Tampa jumps on the hot new craze: electric scooters

Scooters on the sidewalk in downtown San Francisco, Calif., April 14, 2018. The city of Tampa now wants to bring electric scooters to its downtown.  (Jason Henry/The New York Times)
Scooters on the sidewalk in downtown San Francisco, Calif., April 14, 2018. The city of Tampa now wants to bring electric scooters to its downtown. (Jason Henry/The New York Times)
Published Oct. 24, 2018

TAMPA — Electric scooter rentals are the latest fad for moving around downtowns, and they could be coming to town as soon as February.

The city has issued a request for applications for up to three electric scooter rental companies to bring that technology to Tampa, said city spokeswoman Ashley Bauman.

Patrons would only be able to ride the scooters on sidewalks and multi-use paths, not on streets or bike lanes.

Interested companies can apply to join the one-year pilot program through Nov. 9.

"We're trying to get ahead of the regulation and be proactive," Bauman said. "We know they're coming. They've dropped in every city."

TIMES ANALYSIS: Tampa Bay has one of the worst public transit systems in America. Here's why.

Electric scooters have popped up in dozens of cities across the county, such as Cincinnati, Indianapolis, San Francisco and New York. They often cost as little as $1 to start riding and then 15 cents for each minute after. All users have to do is download an app, enter a credit card and scan a barcode to unlock the scooter.

People can pick up the scooters wherever they find them — sidewalks, parks, docking stations — and ride them as far as they want to go. The scooters can go as fast as 5 to 8 mph. (For comparison, segways top out around 12 mph.) When the ride is finished, the scooters can be left right there at the end of the trip. No docking or plug-in required — patrons just need to make sure they're life in a public space that doesn't block traffic.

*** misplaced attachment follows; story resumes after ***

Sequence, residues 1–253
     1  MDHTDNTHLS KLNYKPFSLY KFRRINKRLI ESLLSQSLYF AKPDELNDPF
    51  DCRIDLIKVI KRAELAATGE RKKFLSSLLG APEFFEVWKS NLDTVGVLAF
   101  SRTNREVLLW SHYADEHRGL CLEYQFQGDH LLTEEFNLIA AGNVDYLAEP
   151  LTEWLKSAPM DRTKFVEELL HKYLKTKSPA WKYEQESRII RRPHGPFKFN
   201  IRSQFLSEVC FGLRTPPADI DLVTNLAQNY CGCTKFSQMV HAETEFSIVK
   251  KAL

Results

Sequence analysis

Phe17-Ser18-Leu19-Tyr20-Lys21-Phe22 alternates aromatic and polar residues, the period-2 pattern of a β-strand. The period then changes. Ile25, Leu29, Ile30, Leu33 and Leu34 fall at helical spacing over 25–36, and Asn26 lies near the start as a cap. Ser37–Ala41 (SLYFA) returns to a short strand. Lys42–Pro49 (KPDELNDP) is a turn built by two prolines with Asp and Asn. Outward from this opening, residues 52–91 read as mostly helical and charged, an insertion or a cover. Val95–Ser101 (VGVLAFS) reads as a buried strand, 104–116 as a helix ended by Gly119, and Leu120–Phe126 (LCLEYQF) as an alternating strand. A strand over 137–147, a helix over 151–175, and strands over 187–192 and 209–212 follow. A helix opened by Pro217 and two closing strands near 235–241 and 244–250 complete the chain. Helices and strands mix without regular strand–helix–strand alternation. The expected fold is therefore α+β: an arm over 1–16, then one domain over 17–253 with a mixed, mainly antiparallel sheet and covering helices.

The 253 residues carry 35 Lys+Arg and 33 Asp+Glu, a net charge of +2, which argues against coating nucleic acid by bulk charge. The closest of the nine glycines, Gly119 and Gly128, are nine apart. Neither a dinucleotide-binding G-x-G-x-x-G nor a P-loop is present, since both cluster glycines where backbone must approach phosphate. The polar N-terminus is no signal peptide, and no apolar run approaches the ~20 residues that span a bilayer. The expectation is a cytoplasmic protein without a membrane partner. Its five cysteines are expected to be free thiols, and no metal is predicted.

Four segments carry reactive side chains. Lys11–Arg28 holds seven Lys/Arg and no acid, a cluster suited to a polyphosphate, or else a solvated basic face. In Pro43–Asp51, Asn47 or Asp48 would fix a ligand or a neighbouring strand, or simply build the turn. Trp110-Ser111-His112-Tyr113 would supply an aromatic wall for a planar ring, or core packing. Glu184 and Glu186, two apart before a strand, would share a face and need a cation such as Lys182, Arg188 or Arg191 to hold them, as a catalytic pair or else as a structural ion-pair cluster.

Several companies are trying to seize on the excitement around the grab-and-go scooter program. Bird, Lime, Skip, Scoot and Spin all offer scooter rentals through an app on the user's smartphone.

"We also want to get ahead of scooter companies just setting up shop and creating issues, as has occurred in other cities in the U.S.," Tampa Transportation Director Jean Duncan said.

St. Petersburg Mayor Rick Kriseman was seen testing out a Lime scooter in front of City Hall earlier this month.

"Giving Lime Bike a whirl," the mayor tweeted on Oct. 11 with a picture of him grinning on a scooter. "We still have a way to go and some issue to work through in order to get these on our streets, but I remain committed to diversifying transit in the Burg."

The mayor is interested in bringing the scooters to downtown, but St. Petersburg isn't as far along in the process as Tampa, said Kriseman's spokesman Ben Kirby said.

Clearwater spokesman Rob Shaw said the city first needs to figure out a bike share program — Clearwater is hoping for a countywide approach — before tackling the latest transportation craze.

Tampa is prepared to bring on as many as 1800 scooters online for the pilot program. The rentals will be available south of E Dr. Martin Luther King Jr. Boulevard, with Armenia Avenue acting as the western boundary and N 40th Street marking the eastern boundary.

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No more than 300 scooters would be allowed in any of the four main areas: downtown, and then three zones west, east and north of downtown. An additional 600 would be spread between E Columbus Drive and MLK Boulevard.

The program will see about 180 parking corrals set up, each holding 10 scooters, spread through the service zones.

Contact Caitlin Johnston at or (727) 893-8779. Follow @cljohnst.